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Are Cold Call Numbers Important?

The well worn sales joke:
Mgr: How many calls did you make today?
Sls: 27. I would have made more, but someone wanted to know what I was sellin' !

Are calling quotas realistic? I think not.
On the other hand, I think the salesperson needs to understand what is acceptable and how it is measured. But measuring the number of calls, cold ones at that, doesn't fly. - by BIG Mike
But measuring the number of calls, cold ones at that, doesn't fly.
Call counts alone makes no sense at all. That seems to imply that each call was executed properly which is not realistic. - by Bulldog
I often hear amongst my colleagues,"it's a numbers game" which implys to me that the laws of probability will eventually get you a sale which I disagree with totally.

Give me 4/5 confirmed leads a day with decision makers instead of the 20 cold calls I normally do in the field. The numbers of cold calls I make aren't important. I'd rather make 10 effective cold calls a day instead of 25/30 basic ones without any success factor other than finding out who the decision maker is. - by krashslaughta
I think that the purpose of numbers of calls is to measure activity. Its to work out whether the salesperson concerned is actually doing any work. In my experience, the numbers can give you a good idea whether you have an effective and motivated sales team or a bunch of timewasters. - by Julian
I think that the purpose of numbers of calls is to measure activity. Its to work out whether the salesperson concerned is actually doing any work. In my experience, the numbers can give you a good idea whether you have an effective and motivated sales team or a bunch of timewasters.
I agree but the downside of this is that a bunch of numbers can be used in a negative way. Fon instance I've not had a good month sales wise but my activity has been high. The one thing that stands out on my sales call sheet is the big, red mark that's against my total amount sold. Very frustrating when you're putting the effort in - by krashslaughta
I know this is an older thread, but I thought I'd jump in with my two cents anyway. I track these three numbers for my telemarketing team:
  1. Dials
  2. Dials to decision-makers reached
  3. Decision-makers reached to appointments set
Number of dials tells me how much effort any given telemarketer is making. (Department goal is about 100 calls a day.)

Dials to decision-makers reached tells me how much follow-up effort is being made once a decision-maker has been identified, but not yet reached. (Our department goal is 1 decision-maker for every 10 calls.) One telemarketer was reaching a decision-maker 10-15% of the time, while another was doing so less than 4%. Over a period of time, it was impossible to attribute this to simply good or bad luck.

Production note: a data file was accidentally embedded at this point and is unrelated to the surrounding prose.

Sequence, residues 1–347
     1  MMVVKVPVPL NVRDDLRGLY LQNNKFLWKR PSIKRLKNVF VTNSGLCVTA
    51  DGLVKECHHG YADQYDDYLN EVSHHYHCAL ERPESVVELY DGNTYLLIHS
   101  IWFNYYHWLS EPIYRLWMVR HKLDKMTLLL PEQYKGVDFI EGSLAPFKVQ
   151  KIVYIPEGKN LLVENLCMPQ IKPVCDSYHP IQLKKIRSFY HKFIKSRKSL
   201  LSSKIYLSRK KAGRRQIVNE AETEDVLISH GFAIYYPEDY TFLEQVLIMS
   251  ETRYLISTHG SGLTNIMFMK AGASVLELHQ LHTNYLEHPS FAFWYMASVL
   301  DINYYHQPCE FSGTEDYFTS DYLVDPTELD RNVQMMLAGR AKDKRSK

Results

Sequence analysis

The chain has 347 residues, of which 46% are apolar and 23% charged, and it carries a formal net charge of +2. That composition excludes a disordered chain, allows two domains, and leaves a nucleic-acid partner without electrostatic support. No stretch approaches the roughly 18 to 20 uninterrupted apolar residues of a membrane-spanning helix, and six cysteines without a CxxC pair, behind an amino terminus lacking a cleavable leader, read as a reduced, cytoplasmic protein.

Decision-makers reached to appointments set tells me how skilled they are at closing. (Goal is 1 appointment for every 4 decision-makers spoken with.)

Tracking all 3 numbers give me the whole story and tells me what I need to work on with each person. I've found that by focusing on the weak area(s), we've improved both our overall efficiency (i.e., effort and follow-up) and effectiveness (i.e., closing skill). - by John Tabita
I track the activity, dollar value of the potential deal... and how far along the deal is... then I look at the weighted value of deals we're working on... It is a way to track the activity and activity value. This is how we manage our pipeline. - by Andrea
I track the activity, dollar value of the potential deal... and how far along the deal is... then I look at the weighted value of deals we're working on... It is a way to track the activity and activity value. This is how we manage our pipeline.
I agree with this approach as well. I should have qualified my post by saying that my team are strictly appointment setters, not a sales team. Once we set the appointment, the rest of the sales process is out of our hands. I can only assume and hope that our sales managers are doing everything Andrea mentioned... - by John Tabita
I track the activity, dollar value of the potential deal... and how far along the deal is... then I look at the weighted value of deals we're working on... It is a way to track the activity and activity value. This is how we manage our pipeline.
We work in a very similar fashion, and I've compared notes with other top producers, and they do too.

Good stuff, Andrea. - by Ace Coldiron
I agree with this approach as well. I should have qualified my post by saying that my team are strictly appointment setters, not a sales team. Once we set the appointment, the rest of the sales process is out of our hands. I can only assume and hope that our sales managers are doing everything Andrea mentioned...